Germany The Smaller States
Source: The Library of Congress Country Studies
By the eighteenth century, none of the other states of the empire were strong enough to have territorial ambitions to match those of Prussia and Austria. Some of the larger states, such as Saxony, Bavaria, and Württemberg, also maintained standing armies, but their smaller size compelled them to seek allies, some from outside the empire. With the exception of the free cities and ecclesiastical states, smaller states, like Austria and Prussia, were governed by a hereditary monarch who ruled either with the consent or help of the nobility and with the help of an increasingly well-trained bureaucracy. Only a few states, such as Württemberg, could boast of an active democracy of the kind evolving in Britain and France. Except in a few free cities, such as Frankfurt am Main and Hamburg, which were active in international trade, Germany's commercial class was neither strong nor self-confident. Farmers in western Germany were largely free; those in the east were often serfs. However, whether in the east or the west, most who worked the land lived at the subsistence level.
Despite its lack of popular democracy, Germany was generally well governed. The state bureaucracies gained in power and expertise, and efficiency and probity were esteemed. During the eighteenth century, the principles of the Enlightenment came to be widely disseminated and applied. Although there were no political challenges to enlightened absolutism, as was the case in France, all phenomena, including religion, were subject to critical, reasoned examination to determine their rationality. In this more tolerant environment, differing religious views could still create social friction, but ways were found for the empire's three main religions--Roman Catholicism, Lutheranism, and Calvinism--to coexist in most states. The expulsion of about 20,000 Protestants from the ecclesiastical state of Salzburg during 1731-32 was viewed by the educated public at the time as a harking back to less enlightened days.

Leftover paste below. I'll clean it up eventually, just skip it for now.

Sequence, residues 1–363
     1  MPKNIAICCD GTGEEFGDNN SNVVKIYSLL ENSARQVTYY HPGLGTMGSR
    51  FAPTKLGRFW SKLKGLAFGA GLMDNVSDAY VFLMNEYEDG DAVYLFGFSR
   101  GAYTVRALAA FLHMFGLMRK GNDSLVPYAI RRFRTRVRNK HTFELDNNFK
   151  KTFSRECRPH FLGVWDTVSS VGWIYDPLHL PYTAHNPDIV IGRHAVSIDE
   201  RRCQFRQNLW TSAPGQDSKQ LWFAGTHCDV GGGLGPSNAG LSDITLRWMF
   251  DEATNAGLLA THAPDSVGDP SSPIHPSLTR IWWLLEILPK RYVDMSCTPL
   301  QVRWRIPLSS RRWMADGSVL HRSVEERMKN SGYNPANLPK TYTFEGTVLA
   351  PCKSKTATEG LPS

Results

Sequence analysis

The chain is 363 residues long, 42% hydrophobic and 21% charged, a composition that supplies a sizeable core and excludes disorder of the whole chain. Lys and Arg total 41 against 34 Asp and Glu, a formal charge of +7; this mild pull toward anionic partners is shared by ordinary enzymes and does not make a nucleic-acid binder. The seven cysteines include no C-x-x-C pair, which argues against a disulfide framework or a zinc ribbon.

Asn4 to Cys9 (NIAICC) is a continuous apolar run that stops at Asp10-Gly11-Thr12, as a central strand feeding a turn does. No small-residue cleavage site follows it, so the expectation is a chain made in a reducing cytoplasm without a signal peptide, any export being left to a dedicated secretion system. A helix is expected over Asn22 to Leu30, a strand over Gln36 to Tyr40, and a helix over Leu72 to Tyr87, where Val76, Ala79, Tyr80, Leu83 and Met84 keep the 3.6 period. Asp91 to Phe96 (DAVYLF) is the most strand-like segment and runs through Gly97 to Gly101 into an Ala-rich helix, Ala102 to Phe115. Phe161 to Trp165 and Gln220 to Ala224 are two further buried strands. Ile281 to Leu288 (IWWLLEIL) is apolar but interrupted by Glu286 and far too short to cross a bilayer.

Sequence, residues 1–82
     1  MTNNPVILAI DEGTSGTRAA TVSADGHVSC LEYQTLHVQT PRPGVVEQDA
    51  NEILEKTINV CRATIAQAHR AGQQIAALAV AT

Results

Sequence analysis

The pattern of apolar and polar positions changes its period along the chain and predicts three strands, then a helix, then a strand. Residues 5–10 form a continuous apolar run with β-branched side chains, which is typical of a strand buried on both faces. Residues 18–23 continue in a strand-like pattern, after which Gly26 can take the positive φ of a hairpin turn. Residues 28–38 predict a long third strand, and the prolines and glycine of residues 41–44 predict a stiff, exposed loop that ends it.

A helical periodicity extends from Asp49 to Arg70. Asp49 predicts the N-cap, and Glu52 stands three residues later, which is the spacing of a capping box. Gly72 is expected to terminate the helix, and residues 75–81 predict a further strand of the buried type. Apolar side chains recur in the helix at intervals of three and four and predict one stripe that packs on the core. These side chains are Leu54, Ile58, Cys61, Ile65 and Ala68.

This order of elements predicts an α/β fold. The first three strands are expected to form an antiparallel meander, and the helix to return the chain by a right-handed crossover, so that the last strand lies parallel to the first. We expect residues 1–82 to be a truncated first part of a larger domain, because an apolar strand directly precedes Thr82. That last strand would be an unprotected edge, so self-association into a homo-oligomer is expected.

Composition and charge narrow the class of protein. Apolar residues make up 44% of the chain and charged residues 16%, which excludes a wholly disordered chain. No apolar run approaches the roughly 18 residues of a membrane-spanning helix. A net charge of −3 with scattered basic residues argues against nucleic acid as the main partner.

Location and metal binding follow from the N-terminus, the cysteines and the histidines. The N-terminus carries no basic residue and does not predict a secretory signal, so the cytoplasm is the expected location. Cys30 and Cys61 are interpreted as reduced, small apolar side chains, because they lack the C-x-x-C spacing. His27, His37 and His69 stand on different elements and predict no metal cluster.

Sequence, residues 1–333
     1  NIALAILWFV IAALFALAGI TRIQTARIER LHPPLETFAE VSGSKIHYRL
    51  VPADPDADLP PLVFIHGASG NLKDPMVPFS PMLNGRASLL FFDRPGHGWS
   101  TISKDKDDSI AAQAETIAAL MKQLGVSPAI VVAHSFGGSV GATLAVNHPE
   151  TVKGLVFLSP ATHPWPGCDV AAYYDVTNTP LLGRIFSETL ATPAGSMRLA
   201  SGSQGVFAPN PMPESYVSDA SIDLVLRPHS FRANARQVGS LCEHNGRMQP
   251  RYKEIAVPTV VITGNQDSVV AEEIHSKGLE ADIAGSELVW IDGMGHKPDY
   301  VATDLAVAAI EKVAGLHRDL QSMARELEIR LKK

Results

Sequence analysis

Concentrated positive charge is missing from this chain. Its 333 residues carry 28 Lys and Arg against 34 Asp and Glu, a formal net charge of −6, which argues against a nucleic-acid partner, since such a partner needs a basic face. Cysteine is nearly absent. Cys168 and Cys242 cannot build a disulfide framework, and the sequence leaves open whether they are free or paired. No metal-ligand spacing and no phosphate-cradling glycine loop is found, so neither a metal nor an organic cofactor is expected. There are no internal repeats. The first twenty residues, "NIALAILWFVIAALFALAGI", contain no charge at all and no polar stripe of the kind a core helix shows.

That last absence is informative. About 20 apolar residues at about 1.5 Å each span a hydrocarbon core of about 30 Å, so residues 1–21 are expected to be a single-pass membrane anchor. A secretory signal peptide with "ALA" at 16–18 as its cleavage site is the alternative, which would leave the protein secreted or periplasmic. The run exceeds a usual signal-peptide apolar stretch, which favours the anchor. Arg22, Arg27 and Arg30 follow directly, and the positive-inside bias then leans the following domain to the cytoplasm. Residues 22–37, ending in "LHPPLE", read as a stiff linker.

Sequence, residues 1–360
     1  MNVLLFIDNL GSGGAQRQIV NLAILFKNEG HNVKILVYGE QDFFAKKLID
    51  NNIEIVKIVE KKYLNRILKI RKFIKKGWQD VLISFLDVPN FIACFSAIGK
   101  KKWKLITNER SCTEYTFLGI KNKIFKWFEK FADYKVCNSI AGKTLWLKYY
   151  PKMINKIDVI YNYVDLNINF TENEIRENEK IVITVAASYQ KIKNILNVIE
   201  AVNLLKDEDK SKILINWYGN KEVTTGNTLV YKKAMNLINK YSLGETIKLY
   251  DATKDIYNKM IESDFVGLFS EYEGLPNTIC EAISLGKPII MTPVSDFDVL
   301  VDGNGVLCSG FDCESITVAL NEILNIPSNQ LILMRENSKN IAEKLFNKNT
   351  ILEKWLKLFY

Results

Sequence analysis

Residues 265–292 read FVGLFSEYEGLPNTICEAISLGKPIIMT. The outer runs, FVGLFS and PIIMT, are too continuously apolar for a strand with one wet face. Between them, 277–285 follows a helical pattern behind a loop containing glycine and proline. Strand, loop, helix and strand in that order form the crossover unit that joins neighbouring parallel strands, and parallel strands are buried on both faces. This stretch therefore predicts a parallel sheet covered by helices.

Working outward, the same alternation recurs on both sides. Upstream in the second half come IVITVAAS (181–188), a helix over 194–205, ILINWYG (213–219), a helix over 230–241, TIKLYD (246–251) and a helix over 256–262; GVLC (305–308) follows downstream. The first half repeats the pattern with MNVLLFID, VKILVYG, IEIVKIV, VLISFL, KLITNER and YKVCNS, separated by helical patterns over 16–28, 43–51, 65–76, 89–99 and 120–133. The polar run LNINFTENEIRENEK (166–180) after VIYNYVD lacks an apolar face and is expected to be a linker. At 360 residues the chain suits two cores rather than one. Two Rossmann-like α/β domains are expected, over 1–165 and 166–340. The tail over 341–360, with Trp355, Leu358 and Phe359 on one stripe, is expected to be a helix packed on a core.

Several new universities were founded, some soon considered among Europe's best. An increasingly literate public made possible a jump in the number of journals and newspapers. At the end of the seventeenth century, most books printed in Germany were in Latin. By the end of the next century, all but 5 percent were in German. The eighteenth century also saw a refinement of the German language and a flowering of German literature with the appearance of such figures as Gotthold Lessing, Johann Wolfgang von Goethe, and Friedrich Schiller. German music also reached great heights with the Bach family, George Frederick Handel, Joseph Haydn, and Wolfgang Amadeus Mozart.
The French Revolution and Germany
The French Revolution, which erupted in 1789 with the storming of the Bastille in Paris, at first gained the enthusiastic approval of some German intellectuals, who welcomed the proclamation of a constitution and a bill of rights. Within a few years, most of this support had dissipated, replaced by fear of a newly aggressive French nationalism and horror at the execution of the revolution's opponents. In 1792 French troops invaded Germany and were at first pushed back by imperial forces. But at the Battle of Valmy in late 1792, the French army, a revolutionary citizens' army fighting on its own soil, defeated the professional imperial army. By 1794 France had secured control of the Rhineland, which it was to occupy for twenty years.